Chiharu Shiota, born in Osaka, and living in Berlin since 1997, has made us fond of her large scale installations, such as The key in hand, presented in the Japan Pavilion at the Venice Biennale. Shaping her inner universe in a myriad of lines, she creates crossings that work as key points, either suspending and grasping objects, or as webs capable of generating chromatic surfaces and transparencies, which overlaps with shapes and light. In all circumstances, her artworks allow the inclusion of human beings in a spatial and immersive experience.
This time, A.R.M. visited the exhibition Sleeping is like death at the Daniel Templon Gallery, in Brussels. A site specific installation and performance about the body in its sleeping and dreaming state.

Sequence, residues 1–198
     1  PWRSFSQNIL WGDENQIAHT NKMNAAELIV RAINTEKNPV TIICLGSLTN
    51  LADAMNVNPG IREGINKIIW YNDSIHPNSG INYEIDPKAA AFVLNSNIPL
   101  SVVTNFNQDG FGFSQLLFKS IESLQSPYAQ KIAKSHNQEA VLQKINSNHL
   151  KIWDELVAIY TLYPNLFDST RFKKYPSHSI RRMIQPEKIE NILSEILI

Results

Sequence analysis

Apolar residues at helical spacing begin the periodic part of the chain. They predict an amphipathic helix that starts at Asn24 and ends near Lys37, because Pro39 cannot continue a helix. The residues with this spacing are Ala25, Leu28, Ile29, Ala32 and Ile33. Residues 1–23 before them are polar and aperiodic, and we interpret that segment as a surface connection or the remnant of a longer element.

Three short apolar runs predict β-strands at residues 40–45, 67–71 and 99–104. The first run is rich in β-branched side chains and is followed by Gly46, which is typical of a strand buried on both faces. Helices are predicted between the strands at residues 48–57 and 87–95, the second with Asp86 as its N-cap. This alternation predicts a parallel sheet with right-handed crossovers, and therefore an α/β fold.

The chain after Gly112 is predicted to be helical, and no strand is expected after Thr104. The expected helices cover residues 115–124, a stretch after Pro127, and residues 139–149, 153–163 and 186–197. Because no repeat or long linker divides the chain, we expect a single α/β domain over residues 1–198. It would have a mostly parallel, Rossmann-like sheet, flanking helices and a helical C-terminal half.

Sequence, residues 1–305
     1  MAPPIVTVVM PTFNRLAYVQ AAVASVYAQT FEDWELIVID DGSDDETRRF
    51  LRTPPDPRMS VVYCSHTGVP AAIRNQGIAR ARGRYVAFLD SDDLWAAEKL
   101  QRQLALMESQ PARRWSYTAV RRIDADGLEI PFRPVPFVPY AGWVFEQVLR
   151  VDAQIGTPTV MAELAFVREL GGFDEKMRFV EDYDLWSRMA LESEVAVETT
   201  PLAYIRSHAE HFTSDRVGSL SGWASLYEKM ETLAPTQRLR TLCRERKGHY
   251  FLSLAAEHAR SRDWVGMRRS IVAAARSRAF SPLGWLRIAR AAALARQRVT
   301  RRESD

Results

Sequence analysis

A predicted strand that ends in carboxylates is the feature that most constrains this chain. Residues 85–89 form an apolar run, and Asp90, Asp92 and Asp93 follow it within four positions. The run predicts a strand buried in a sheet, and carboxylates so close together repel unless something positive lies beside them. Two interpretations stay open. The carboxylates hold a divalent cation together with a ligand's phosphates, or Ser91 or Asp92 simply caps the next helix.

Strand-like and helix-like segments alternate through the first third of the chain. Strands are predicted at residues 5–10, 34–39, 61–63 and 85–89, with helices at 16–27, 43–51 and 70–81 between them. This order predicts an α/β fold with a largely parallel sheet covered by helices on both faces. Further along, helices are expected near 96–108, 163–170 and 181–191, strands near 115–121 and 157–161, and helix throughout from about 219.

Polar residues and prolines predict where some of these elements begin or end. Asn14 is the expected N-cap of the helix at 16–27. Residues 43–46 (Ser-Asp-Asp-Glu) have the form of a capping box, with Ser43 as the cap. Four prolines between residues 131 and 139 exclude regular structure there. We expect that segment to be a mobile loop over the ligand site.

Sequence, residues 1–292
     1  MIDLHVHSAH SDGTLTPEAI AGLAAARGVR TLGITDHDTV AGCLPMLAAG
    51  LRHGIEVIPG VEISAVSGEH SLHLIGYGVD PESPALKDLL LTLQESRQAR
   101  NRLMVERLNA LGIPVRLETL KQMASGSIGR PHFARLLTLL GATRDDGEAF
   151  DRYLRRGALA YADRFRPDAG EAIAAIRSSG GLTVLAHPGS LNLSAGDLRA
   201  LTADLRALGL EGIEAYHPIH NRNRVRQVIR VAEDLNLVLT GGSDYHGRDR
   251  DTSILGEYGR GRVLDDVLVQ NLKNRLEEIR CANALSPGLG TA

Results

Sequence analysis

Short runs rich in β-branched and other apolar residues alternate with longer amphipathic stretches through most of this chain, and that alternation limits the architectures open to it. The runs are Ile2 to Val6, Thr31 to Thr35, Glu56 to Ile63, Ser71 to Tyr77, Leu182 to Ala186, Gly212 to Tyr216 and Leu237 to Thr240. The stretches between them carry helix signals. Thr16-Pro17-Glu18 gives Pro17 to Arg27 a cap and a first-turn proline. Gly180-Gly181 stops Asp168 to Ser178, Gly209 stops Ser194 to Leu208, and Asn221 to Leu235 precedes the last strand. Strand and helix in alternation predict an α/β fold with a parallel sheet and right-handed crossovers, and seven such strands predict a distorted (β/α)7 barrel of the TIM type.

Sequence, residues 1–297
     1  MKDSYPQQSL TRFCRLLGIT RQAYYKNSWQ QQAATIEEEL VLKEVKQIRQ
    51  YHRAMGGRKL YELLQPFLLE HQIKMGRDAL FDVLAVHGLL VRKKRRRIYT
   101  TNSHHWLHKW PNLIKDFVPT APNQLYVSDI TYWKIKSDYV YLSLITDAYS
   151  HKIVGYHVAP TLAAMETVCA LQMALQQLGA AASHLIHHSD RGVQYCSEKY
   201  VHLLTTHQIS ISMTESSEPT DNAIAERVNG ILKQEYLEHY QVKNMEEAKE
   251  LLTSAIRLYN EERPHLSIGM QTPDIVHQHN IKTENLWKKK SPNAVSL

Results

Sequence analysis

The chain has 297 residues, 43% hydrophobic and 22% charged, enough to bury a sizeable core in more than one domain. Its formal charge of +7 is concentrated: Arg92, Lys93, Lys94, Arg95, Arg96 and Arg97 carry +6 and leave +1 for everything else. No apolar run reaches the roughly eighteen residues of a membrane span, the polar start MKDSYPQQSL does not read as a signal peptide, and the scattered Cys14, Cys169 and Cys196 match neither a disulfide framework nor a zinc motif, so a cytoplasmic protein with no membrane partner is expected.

Webs woven from black threads come out of three hospital beds, extending into the space, as if invading it. They create a dim environment emphasized by the light that travels through their transparency. The undone beds and the white linens, mark the absence of a body and, at the same time, the dark web, with both round and angular movements, creates a graphic and pictorial mesh.
The exhibition also features small sculptures, which maintain the use of the webs, black or red, as well as drawings of the artist’s mental projections.
This gallery space now turned into immersive experience, welcoming the spectator’s physical and emotional presence, will host the works of Chiharu Shiota until the 20th of February 2016.